Holly Seale, UNSW Sydney This month, mask mandates were lifted in South Australia, and vaccine requirements for dining and nightlife … More
Article updated Thursday 7 April, 9am ACST to fix error in table. Dr Priscilla Robinson The Code COVID19 International Update … More
Deborah Gleeson, La Trobe University and Brigitte Tenni, The University of Melbourne It’s now two years since the World Health … More
Jeremy Lasek – PHAA By now, most are ‘back at work’ (physically or remotely) and we can look back at … More
Jeremy Lasek – PHAA They’ve been described as the ‘true heroes’ of the pandemic, Australia’s frontline healthcare workers who’ve put … More
Professor Jonathan Karnon, Professor Billie Bonevski and Associate Professor Hossein Haji Ali Afzali, Flinders University Following considerable public pressure over the … More
Dr Michelle I Jongenelis – Senior Research Fellow and Deputy Director, Melbourne Centre for Behaviour Change I write this piece … More
Priscilla Robinson View the latest spreadsheet here Another interesting week, with an overall drop once again in both … More
Priscilla Robinson View the latest spreadsheet here There is not a lot of good world news this week, including what’s … More
Priscilla Robinson Click here to view the latest spreadsheet Well, things seem to be a bit more predictable in COVID-land … More
Priscilla Robinson View the latest spreadsheet data For people new to this spreadsheet, the 55 countries on the main Global … More
Priscilla Robinson View the latest spreadsheet data It is interesting sending a few weeks away from looking at these international … More
We remain in the midst of the world’s worst health crisis in a century. Millions of cases of COVID-19 have been diagnosed around the world and hundreds of thousands of deaths have ensued. So, who should we blame? Well, I think a more important question is, where does blame get us?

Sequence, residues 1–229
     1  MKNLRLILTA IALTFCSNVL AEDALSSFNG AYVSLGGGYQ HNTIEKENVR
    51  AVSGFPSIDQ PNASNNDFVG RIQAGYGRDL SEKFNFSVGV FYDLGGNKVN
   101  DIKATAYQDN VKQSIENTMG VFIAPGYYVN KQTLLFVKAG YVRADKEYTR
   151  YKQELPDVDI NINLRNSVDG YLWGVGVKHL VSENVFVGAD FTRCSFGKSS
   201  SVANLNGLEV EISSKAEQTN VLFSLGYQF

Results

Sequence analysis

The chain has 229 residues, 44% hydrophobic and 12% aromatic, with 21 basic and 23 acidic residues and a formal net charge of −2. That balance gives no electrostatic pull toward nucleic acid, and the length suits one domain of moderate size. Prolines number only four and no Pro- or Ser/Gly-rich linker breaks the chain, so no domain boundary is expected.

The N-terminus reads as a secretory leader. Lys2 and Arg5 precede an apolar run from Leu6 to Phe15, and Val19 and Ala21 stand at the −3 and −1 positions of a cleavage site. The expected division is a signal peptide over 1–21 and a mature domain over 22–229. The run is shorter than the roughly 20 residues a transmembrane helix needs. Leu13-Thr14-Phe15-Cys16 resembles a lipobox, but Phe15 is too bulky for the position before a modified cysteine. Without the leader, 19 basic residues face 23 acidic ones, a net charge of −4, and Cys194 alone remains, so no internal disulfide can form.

The adage “never discuss politics or religion” is invariably proffered to us with well-meaning intent at some point during our life. If anything, when it comes to public health issues, we need to be discussing politics more, not less, and certainly not avoiding it altogether.
Two hugely important public health objectives – Black Lives Matter and COVID-19 have been framed as competing imperatives. They are not. The Black Lives Matter movement in Australia seeks to highlight the deplorable circumstances of disadvantage and discrimination experienced by Australia’s First people.
Australia’s response to COVID-19 so far, has been one of the better examples globally: consistently led by medical and scientific advice. It was bipartisan, cooperative and decisive. Yet, this success has come at significant costs.
The fires, floods and COVID-19 pandemic have shown the fragility of industrial civilisation and the strength and resilience of people and community.
State governments are planning to reopen pokie venues due to heavy lobbying by the gambling industry. However, there a number of public health issues which need to be addressed to ensure reopening these venues will not endanger the health of those who use or work there.
As coronavirus restrictions continue to ease, one of the key challenges we face is how to deal with people moving around a lot more.
Many jurisdictions around the world are now testing people without symptoms as part of efforts to manage COVID-19. In Victoria, asymptomatic health-care workers have been part of the recent “testing blitz”.
The recently created National COVID-19 Coordination Commission has been set up to advise on all non-health aspects on the pandemic. But there are serious concerns about its scope, membership and authority.
For many of us, forced to work at home or to not work at all, the COVID-19 crisis has driven home the importance of mental health and how work interacts with our sense of wellbeing.